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Are We Passing the “Tipping Point” for Black Habitation in the Cities?

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    A Black Agenda Radio commentary by executive editor Glen Ford

    The term “tipping point” used to be synonymous with white flight from the cities. Now that Blacks are being forced from high priced urban neighborhoods, what is the “tipping point” for maintaining the Black urban presence? “How many upscale, mostly white people does it take to make a neighborhood, and ultimately whole cities – like San Francisco – unaffordable and downright hostile to Black habitation?”

    Are We Passing the “Tipping Point” for Black Habitation in the Cities?

    A Black Agenda Radio commentary by executive editor Glen Ford

    In Harlem and elsewhere in New York City, the tipping point has clearly been passed.”

    Back in the early Sixties, sociologists began to use the term “tipping point” to describe white response to the entrance of Blacks into formerly white neighborhoods. The raw statistics showed clearly that such “tipping points” existed, although sociologists argued about the dynamics of precisely when white exits turned into sudden, wholesale flight. Certainly, real estate agents and developers understood the phenomenon, having set it in motion in city after city in the Forties and Fifties in order to make a killing in the market. So-called “block-busters” played on racist hysteria, buying up white properties at rock bottom and selling them at inflated prices to Blacks desperate to escape densely-packed ghettos. The churning of neighborhoods generated billions in profits and changed the face of America in a remarkably short period of time. Ultimately, whites’ refusal to share urban space with Blacks created an American racial and economic geography unique in the world, in which the Black and brown poor resided in hollowed out, shrunken, capital-deprived central cities surrounded by a belt of suburban white wealth – the exact opposite of the historical world model of urban development.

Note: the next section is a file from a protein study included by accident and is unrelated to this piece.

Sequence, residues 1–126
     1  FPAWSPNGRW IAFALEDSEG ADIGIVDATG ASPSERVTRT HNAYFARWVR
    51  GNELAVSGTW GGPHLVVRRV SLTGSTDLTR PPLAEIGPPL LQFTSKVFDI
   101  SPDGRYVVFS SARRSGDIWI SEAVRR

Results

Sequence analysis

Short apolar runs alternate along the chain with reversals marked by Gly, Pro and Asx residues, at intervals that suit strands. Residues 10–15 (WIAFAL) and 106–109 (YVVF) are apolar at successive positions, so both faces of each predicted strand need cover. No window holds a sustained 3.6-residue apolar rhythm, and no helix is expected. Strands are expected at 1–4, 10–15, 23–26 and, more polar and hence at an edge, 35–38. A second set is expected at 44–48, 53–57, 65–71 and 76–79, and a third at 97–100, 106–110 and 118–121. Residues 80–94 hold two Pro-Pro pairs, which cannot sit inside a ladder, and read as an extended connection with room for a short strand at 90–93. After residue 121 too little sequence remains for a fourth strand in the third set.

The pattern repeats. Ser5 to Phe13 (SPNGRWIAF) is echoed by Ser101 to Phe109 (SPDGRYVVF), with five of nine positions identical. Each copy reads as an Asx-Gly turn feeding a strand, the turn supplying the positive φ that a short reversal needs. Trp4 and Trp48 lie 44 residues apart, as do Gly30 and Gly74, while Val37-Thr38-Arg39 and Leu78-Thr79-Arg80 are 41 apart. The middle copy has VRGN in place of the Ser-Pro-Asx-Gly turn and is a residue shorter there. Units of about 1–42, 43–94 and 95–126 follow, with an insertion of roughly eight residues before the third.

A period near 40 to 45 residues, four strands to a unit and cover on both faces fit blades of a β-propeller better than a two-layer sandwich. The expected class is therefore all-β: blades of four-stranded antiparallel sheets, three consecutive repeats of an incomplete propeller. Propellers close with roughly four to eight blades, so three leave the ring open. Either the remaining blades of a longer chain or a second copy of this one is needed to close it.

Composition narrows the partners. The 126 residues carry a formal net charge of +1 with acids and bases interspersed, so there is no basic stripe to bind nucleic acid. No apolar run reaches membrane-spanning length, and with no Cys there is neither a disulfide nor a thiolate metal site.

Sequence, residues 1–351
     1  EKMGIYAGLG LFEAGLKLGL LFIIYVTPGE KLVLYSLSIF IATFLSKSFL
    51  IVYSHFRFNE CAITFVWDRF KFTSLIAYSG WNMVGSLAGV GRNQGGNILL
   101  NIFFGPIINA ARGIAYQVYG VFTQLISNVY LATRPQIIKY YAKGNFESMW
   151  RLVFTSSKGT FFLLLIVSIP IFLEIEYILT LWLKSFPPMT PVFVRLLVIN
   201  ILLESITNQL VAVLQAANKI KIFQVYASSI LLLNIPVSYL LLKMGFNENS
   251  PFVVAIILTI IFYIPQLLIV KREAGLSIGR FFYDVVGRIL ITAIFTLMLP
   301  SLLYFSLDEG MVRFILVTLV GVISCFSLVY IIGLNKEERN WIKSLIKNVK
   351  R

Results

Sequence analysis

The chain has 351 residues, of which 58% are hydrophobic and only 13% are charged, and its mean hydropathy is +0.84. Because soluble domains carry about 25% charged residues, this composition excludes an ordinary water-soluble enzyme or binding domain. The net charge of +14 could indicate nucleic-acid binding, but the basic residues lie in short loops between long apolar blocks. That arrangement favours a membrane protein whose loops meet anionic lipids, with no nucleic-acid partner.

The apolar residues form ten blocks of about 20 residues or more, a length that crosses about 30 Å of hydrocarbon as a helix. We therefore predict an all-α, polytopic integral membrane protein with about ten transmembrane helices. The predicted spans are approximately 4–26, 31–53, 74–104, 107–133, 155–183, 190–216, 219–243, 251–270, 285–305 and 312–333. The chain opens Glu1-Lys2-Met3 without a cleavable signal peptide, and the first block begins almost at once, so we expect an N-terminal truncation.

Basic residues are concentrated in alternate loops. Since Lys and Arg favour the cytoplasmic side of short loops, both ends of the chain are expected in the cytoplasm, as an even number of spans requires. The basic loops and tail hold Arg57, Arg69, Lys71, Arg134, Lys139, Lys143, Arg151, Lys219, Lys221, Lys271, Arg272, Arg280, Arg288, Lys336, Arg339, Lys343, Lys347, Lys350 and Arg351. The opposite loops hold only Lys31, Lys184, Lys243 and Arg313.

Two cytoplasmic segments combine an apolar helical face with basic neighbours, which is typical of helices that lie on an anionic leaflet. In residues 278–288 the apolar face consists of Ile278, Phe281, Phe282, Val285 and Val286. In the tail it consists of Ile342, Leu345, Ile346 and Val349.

America, which invented modern white racism through the establishment of Black chattel slavery, had once again been reshaped through the socio-economic dynamics of white racism.

    For more than half a century, racial tipping points referred primarily to the behavior of white people, a predictor of white flight, creating new spaces for Black habitation in the cities. But, racism is irrational, as were the socio-economic landscape created by white racism, with whites traveling ridiculous distances to find racially exclusive environments at affordable prices. The corporate class longed for the centralized amenities that only big cities can provide, and finance capitalists looked forward to trillions in added values if only the Blacks and browns could be evicted from urban real estate.

    It is more like a purge, an ethnic cleansing.”

    Finance capital, corporate muscle, and the political parties that serve them have set in motion the new phenomenon of Black flight from the cities, and white return. Unlike white flight of the previous era, the current Black exodus is mainly involuntary and economic. In reality, it is more like a purge, an ethnic cleansing based on the reality that, in a racist society, the very presence of substantial numbers of Black people brings down the value of land and other assets.